ETA: OfC given the legendary efficiency of the LDHQ membership department, if I were to cut up my membership card and send it back we'd probably have had another 2 general elections before they got round to processing my resignation...

Charles Hamilton Sorley, d. 1918

Jun. 27th, 2017 09:24 pm
mme_hardy: White rose (Default)
[personal profile] mme_hardy
A good WWI poem, to take the last out of your mouth.

 When you see millions of the mouthless dead
Across your dreams in pale battalions go,
Say not soft things as other men have said,
That you'll remember. For you need not so.
Give them not praise. For, deaf, how should they know
It is not curses heaped on each gashed head?
Nor tears. Their blind eyes see not your tears flow.
Nor honour. It is easy to be dead.
Say only this, “They are dead.” Then add thereto,
“Yet many a better one has died before.”
Then, scanning all the o'ercrowded mass, should you
Perceive one face that you loved heretofore,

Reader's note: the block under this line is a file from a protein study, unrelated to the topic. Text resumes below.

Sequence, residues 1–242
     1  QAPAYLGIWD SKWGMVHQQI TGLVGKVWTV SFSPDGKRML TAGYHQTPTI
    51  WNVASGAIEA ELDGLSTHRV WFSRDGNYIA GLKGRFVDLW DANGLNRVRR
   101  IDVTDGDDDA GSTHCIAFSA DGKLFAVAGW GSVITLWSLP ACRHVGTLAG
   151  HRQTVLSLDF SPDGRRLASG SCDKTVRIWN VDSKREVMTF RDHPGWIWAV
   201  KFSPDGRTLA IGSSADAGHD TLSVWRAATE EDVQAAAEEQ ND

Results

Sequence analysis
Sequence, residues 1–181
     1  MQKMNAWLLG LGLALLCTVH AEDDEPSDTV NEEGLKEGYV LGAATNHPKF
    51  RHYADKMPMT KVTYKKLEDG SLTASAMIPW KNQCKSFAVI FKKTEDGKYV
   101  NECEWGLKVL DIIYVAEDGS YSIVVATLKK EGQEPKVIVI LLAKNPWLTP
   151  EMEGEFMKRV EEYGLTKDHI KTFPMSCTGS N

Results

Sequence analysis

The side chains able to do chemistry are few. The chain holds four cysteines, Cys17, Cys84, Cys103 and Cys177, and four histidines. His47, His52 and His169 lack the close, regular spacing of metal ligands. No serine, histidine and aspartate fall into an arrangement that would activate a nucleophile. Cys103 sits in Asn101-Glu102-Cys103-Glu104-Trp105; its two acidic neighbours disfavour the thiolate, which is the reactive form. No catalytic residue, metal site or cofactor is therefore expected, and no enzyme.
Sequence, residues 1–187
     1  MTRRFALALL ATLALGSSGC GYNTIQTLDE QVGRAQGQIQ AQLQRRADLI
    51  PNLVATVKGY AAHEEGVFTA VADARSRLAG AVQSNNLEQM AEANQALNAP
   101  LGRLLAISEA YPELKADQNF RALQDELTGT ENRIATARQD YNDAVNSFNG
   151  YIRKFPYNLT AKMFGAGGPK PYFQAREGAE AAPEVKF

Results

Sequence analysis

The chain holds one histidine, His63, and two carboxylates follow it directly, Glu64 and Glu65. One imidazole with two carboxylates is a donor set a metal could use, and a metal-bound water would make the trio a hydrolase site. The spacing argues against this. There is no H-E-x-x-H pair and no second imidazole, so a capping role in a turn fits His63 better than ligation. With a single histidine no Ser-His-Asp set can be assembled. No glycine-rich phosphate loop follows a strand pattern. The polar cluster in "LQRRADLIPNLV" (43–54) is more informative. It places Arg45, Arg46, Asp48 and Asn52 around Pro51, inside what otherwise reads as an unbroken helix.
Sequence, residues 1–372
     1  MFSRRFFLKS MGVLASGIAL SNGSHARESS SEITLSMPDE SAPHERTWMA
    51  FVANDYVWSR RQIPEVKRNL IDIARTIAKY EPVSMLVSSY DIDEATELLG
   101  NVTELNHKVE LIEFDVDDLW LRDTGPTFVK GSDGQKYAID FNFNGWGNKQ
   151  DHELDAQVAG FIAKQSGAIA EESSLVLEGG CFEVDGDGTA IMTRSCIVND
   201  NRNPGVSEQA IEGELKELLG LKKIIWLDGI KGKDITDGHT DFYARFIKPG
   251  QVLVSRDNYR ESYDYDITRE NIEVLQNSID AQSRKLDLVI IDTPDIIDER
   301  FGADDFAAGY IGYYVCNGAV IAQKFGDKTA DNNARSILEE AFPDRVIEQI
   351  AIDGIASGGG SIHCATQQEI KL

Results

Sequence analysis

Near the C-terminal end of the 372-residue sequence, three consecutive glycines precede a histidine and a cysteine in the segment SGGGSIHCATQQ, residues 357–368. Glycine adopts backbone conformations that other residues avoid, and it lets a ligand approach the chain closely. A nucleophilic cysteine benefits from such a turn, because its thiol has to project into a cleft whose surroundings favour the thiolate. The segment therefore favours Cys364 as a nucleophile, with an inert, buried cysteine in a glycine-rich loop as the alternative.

It is a spook. None wears the face you knew.
Great death has made all his for evermore.

Strange artifacts

Jun. 27th, 2017 09:12 pm
mme_hardy: White rose (Default)
[personal profile] mme_hardy
I was looking for the text of a song I sang (as part of a chorus) in college; it was a setting of Sara Teasdale's "Pierrot stands in a garden".  I fell over a 19-teens anthology that is entirely poems about Pierrot.    I remember reading Murder Must Advertise and having no idea at all who Pierrot, Pierrette, and Columbine were.   Why did the Commedia dell'arte characters make so little of a lasting mark in American culture?  (Or, can it be, in my head?)

edit: I have just run into the section of WW1 poems about Pierrot.  Bizarre.

PIERROT AT WAR
A Year ago in Carnival
We danced till break of day;
A year ago in Carnival
The boulevards were gay;
And roses shook the whispering air,
Like a great sibilant soft fanfare.
 
In Carnival, in Carnival,
A Prince of Magic comes,
To the sound of fifes, and the sound of horns,
And the sound of little drums.

A year ago in Carnival,
The lamps along the quays
Lay softer on the misty night
Than stars in leafy trees,
And down the ribboned sparkling street
Pierrot ran on twinkling feet.
 
Ah year! — There is no Carnival:
The north burns dusky red,
And on the white of Pierrot's brow
Is a long scar instead;
While ever the muttering runs
From the bleeding lips of the guns.
 
This year, this year at Carnival 
A Prince of Magic comes, 
With blood-red crest against the sky 
And a snarl of angry drums. 
 
Maxwell Struthers Hurt

The bespectacled wizard grimaced....

Jun. 27th, 2017 09:40 pm